The Official Lent Countdown

Yay! I'm sure you're all as excited as I am about Lent! You'd have to have a heart of stone not to be! I've got all my Lent decorations up, the snow is falling, traditional Lent songs are playing on the radio, everybody I know is filled with Lent spirit... this is going to be the best Lent ever.

Anyway, I'm so excited about Lent that I made this: The Official Lent Countdown!

Lent facts!

  • Someone who observes Lent is called a "Lenter". The act of observing Lent is called "Lenting".

  • Lent does not technically include any Sundays between Ash Wednesday and Easter Saturday. That's why this period, traditionally lasting forty days, actually takes up forty-six on your calendar. So...

    ...don't count as part of Lent!

  • Due to Daylight Saving, Lent lasts not 46 days but 45 days 23 hours in many territories.

  • Lent was invented in 1809 by an Englishman named Wilhelm Lent. It was originally a forty-day diet plan, during which people would forgo certain foods in order to lose weight for Easter. On Sundays these restrictions were temporarily lifted and you could eat anything you liked; that's why Sundays don't count as part of Lent (see above). Wilhelm Lent is also the inventor of lentils!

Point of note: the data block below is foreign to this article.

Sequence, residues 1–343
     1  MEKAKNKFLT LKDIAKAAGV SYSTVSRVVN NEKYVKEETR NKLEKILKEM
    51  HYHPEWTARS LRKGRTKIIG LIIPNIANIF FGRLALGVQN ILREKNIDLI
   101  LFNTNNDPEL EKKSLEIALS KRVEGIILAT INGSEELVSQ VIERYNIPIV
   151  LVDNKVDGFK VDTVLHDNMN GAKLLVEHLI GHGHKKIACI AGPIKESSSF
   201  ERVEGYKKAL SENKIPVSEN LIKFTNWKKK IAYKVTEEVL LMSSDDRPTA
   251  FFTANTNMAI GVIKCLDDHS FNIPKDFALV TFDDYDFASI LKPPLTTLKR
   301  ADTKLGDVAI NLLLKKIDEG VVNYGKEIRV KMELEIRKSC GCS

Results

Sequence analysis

• Lenting is extremely dangerous for periods greater than forty days. There are even some medical records from the 1900s where the doctor wrote "Cause of death: Lent"!

  • Lenters are particularly at risk if they are exposed to strong magnetic fields or small doses of radiation. That's why in a hospital X-ray or MRI department, you'll often see a discreet sign saying "No Lenting".

  • "Lent" is also the past tense of the verb "to lend". It's not to be confused with "leant", which is pronounced exactly the same, but is the past tense of the verb "to lean", or "Rent", which is a Broadway musical. "Lent" can also be used as a musical term, meaning "Very slowly"!

  • The Game Of Lent was a board game first manufactured by Mattel in 1962. Players chose from six pieces of varying shades of grey, each representing a different vice, and took turns rolling dice and answering questions on obscure Christian dogma in an attempt to make it to the end of the forty-space-long board without giving in to temptation. Containing such classic questions as "Who begat Amminadab?" and "Which chapter of Leviticus begins, 'And the Lord spake unto Moses'?", the game was supremely unpopular and taken off the market by 1965. Games still containing all the pieces are now extremely rare and fetch up to USD1000 at auctions.

  • Miramax Studios acquired the movie rights to Lent in 1990, and in 1993 there were plans to turn Lent into an action/romance called "The Lenter", starring John Candy. Unfortunately Candy's death in 1994 caused the studio to drop the project, though the proposed script can still be found online.

  • More Lent facts!